Ivan covers Big Tech, India, policy, AI, security, platforms, and apps for TNW. That's one heck of a mixed bag. He likes to say "Bleh." Ivan covers Big Tech, India, policy, AI, security, platforms, and apps for TNW. That's one heck of a mixed bag. He likes to say "Bleh."
Last year, India’s top court ruled that the central government’s national identification system – Aadhaar – doesn’t violate the privacy of citizens. Now, there are three major developments on this front that might put privacy activists on high alert.
First, India’s parliament passed an amended bill on Aadhaar that allows voluntary use of the ID to open a bank account or get a SIM card and penalty for any private company if it stores Aadhaar data – a step to curb frequent data leaks.
Then the government’s chief economic advisor, K Subramanian, said in this year’s Economic Survey report that a master database built by the government collating all the citizens’ information too – with Aadhaar at the heart of it.
And finally, in the annual budget presented by the reelected government’s finance minister Nirmala Sitharaman, suggested that Aadhaar should be used to file taxes instead of PAN (Permanent Account Number) – an ID issued by the country’s tax department. Earlier this year, the government made it mandatory to link the Aadhaar card to the PAN to file taxes.
Impact of these developments
While the amended bill notes that use of the Aadhaar card is voluntary, companies have refused to give out new SIM cards without an ID in the past. The modified bill also introduces a penalty of Rs 1 crore ($146,045) and jail for private entities who store Aadhaar data. However, there’s no clarity at the moment as to how authorities will monitor and audit private firms; there’s also no details on who will bear the responsibility of checking Aadhaar data has been fairly used.
Subramanian’s suggestions in the Economic Survey 2019 also raises a lot of concerns. He said the collection of data can be used for good. In a chapter named ‘Data of the people, by the people and for the people,’ the survey notes the government already possesses large troves of data, and it’s just a matter of centralizing it:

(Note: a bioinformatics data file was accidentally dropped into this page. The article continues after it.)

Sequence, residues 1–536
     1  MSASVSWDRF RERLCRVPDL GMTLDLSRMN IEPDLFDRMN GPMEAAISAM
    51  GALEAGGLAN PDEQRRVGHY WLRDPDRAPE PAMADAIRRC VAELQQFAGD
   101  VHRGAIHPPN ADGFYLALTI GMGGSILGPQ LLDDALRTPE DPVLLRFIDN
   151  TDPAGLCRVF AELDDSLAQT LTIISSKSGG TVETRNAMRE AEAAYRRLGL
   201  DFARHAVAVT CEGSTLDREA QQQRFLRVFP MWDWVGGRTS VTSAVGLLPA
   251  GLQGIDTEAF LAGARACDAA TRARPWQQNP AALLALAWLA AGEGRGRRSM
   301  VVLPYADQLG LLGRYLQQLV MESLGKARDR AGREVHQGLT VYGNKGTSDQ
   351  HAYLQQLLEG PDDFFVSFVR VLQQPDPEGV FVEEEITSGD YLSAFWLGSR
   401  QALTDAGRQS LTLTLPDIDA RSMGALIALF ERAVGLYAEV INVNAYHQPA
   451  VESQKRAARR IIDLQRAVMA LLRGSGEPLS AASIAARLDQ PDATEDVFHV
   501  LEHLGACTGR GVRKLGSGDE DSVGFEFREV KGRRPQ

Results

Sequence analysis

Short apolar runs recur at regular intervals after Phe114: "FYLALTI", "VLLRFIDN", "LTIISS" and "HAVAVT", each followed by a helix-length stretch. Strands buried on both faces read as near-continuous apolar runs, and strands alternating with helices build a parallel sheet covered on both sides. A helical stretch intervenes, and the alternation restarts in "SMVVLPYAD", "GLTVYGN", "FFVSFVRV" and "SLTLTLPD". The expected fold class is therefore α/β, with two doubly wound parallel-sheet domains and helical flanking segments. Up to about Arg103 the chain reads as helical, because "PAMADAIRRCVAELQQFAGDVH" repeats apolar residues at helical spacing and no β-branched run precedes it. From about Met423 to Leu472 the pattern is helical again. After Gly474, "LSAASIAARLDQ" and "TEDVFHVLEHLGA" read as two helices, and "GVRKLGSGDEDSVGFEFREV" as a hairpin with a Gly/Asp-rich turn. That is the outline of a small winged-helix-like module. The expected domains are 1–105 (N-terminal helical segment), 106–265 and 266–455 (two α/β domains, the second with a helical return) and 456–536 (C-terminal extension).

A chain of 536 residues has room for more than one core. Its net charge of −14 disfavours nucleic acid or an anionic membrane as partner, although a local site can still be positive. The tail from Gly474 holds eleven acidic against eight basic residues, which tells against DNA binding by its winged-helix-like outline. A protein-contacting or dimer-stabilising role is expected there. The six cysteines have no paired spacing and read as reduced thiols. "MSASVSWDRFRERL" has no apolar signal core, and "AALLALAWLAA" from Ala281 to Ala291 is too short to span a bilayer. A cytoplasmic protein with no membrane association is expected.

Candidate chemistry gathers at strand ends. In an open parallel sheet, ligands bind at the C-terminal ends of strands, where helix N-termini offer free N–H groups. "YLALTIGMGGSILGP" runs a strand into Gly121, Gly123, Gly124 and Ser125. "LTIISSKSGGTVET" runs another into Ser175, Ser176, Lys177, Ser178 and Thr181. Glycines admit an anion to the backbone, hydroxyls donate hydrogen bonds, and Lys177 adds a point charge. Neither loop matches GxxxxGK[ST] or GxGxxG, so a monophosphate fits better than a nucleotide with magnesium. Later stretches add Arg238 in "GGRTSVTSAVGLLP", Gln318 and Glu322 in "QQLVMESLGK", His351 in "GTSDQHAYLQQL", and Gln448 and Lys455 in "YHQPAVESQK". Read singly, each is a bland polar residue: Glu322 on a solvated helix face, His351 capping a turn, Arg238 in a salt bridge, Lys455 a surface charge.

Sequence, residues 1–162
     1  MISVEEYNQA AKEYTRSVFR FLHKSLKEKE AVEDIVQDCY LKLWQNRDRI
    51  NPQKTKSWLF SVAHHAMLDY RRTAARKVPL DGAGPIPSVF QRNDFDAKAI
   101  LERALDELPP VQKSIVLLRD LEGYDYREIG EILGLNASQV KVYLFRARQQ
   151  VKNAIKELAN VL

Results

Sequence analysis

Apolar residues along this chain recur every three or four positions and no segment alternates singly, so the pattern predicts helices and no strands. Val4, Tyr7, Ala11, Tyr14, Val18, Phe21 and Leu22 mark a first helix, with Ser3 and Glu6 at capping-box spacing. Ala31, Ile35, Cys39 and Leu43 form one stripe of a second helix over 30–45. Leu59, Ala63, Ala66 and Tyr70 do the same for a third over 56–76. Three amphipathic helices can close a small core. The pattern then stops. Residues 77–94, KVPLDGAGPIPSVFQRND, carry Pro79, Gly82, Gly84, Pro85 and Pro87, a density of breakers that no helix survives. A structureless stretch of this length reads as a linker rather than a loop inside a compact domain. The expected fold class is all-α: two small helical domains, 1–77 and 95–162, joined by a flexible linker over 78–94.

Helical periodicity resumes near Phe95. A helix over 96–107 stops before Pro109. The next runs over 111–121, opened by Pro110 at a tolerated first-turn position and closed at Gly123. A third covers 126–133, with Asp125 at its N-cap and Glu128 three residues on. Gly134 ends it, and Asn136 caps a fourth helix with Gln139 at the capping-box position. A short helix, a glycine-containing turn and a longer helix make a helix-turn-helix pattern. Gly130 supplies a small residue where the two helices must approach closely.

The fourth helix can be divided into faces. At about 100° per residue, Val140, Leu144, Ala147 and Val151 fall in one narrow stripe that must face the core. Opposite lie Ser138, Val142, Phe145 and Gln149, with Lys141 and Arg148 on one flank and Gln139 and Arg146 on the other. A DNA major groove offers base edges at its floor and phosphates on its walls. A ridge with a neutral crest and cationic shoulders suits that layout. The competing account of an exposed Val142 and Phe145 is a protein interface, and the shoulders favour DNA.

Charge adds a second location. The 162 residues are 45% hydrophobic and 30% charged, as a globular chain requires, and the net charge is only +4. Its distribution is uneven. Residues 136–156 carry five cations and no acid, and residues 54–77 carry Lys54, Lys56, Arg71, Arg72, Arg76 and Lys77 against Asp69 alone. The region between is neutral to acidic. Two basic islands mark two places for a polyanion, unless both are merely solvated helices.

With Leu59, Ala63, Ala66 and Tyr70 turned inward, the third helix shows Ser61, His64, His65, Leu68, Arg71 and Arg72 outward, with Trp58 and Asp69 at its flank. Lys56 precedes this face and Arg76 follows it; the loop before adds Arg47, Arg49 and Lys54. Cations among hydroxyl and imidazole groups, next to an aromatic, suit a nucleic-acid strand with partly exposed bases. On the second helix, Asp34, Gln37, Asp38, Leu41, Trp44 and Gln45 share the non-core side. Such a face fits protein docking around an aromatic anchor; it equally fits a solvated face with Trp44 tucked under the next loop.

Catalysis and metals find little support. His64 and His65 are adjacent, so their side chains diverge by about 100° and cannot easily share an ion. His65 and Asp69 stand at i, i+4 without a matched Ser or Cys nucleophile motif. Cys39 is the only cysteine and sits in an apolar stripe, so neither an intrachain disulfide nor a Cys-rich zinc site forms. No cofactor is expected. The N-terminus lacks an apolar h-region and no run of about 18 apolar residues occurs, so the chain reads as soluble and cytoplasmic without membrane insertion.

The prospect of empowering the government with such comprehensive, exhaustive information about every citizen may sound alarming at first. However, this is far from the truth. First, large quantities of data already exist in government records, and the objective is only to use this data in a more efficient way.
Several reports in the past couple of years have outlined the dangers of a central database containing biometric information of over a billion people. However, the government remains convinced it can handle all the privacy problems.
The finance minister’s suggestion to use Aadhaar instead of PAN means that could render the latter virtually irrelevant for taxation purposes. Furthermore, since Aadhaar numbers don’t obscure citizens’ identities, it puts their tax records and other information stored in the central database at risk of exposure.
All proposals also ignore the fact that India still doesn’t have a data privacy law in place. Last year, the authorities presented a draft version of the bill, which was supposed to be tabled in the parliament for a discussion in June, but the decision has now been delayed. To co-exist with this bill, Aadhaar might need special exemptions and privileges that seriously threaten citizens’ rights to privacy.
Months after the country’s supreme court limited the scope of mandatory Aadhaar usage, the government is pushing new schemes and economical suggestions to increase usage of Aadhaar. It’s even encouraging to build a central database using the ID that can be potentially used as a surveillance tool. India’s only hope to get out this mess is a solid data protection bill that can overpower Aadhaar, but unfortunately – chances of that remain paper thin.
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